The emotional consequences are most intense when the offender was perceived by the victim as being safe. In other words, when the victim and offender share a familial, intimate, or emotional connection with one another, the consequences are more intense and the recovery longer and more complicated than for victims who are sexually assaulted by strangers. This is likely due to the fact that victimizations between known persons tend to occur repeatedly and increase in severity. In comparison, sexual assaults by strangers usually occur only once and tend to be less physically intrusive. In spite of the increase in victim-related suffering associated with known assailants, sexual assaults between strangers continue to be viewed and treated as a more serious crime, even when controlling for other factors.

Recidivism of Sex Offenders

The question of the extent to which sex offenders recommit their crimes is highly disputed. Variability in the way recidivism is defined, measured, and studied impacts sexual re-offense rates and partially explains the disparate outcomes across investigations. The best estimates of recidivistic behavior come from longitudinal studies that allow for long periods of observation. These types of investigations suggest that within a 15-year time period researchers expect some types of convicted sex offenders (incest offenders, for example) to have a 10% re-offense rate, while other categories of sex offenders (rapists of adult women are a prime example) will reoffend nearly half the time. In other words, when sex offenders are tracked over a period of many years, sex offender recidivism rates tend to range from 10% to 50%. The key factors associated with a low or high sexual recidivism rate include the category (or type) of sex offender under investigation, the prior sex offense history of the offender, the presence or absence of violence as part of the sex crime, the victim– offender relationship, the victim’s age and gender, and the demographics of the sex offender population. On average, convicted sex offenders have lower official re-offense rates than nearly all other kinds of serious criminals.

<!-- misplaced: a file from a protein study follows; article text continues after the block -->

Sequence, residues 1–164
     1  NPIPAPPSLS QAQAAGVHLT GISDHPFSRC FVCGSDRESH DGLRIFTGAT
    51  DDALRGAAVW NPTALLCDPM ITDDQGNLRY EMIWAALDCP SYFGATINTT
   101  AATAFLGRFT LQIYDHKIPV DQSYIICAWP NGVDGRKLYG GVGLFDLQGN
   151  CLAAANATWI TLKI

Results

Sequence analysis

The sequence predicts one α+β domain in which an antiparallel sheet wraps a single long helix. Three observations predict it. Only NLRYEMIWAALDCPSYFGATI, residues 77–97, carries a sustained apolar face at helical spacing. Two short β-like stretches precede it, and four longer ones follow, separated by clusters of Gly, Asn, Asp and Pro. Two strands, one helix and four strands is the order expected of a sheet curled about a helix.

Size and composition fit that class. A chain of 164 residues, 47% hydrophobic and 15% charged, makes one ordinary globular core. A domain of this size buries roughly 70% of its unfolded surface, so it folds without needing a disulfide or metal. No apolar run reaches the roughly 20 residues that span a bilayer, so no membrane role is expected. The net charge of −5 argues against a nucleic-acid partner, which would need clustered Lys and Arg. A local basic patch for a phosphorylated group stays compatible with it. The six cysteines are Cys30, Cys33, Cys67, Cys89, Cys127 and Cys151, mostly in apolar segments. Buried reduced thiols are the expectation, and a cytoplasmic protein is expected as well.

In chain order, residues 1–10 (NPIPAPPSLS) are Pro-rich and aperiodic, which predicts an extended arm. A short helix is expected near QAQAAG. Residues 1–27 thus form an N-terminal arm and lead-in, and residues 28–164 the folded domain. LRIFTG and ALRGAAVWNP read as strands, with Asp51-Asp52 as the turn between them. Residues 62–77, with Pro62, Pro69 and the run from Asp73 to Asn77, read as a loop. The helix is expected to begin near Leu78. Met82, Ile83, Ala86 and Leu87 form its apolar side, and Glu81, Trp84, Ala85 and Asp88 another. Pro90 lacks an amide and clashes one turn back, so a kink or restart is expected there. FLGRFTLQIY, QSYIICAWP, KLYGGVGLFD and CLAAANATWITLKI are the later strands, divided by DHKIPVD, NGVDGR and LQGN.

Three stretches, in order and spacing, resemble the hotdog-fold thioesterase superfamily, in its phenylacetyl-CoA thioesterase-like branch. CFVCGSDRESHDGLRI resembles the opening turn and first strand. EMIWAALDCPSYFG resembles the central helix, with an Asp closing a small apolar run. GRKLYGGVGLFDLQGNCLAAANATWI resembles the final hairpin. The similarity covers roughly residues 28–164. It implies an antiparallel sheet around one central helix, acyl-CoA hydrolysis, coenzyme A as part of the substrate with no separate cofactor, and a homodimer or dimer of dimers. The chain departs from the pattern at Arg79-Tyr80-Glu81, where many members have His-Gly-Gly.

Legal and Clinical Responses to Sex Offenders

In recent decades, the criminal justice system has become increasingly punitive, and its response to sex offenders is no exception. Images of grieving parents who have lost their children at the hands of murdering sex offenders have helped pave the way for targeted state and federal laws, such as sex offender registration with community notification, involuntary civil commitment, longer prison sentences, and the creation of predator-free zones. These zones, for example, mandate that convicted sex offenders stay 2,000 feet away from schools and parks. Although all of these legal measures are designed with the public’s safety in mind, social scientists doubt that they will translate into measurable reductions in sexual violence. As a rule, sex offender laws are viewed as kneejerk reactions to horrific crimes—and attempts at quick fixes—rather than scientifically based legislative responses to the complex and systemic problem of sexual violence.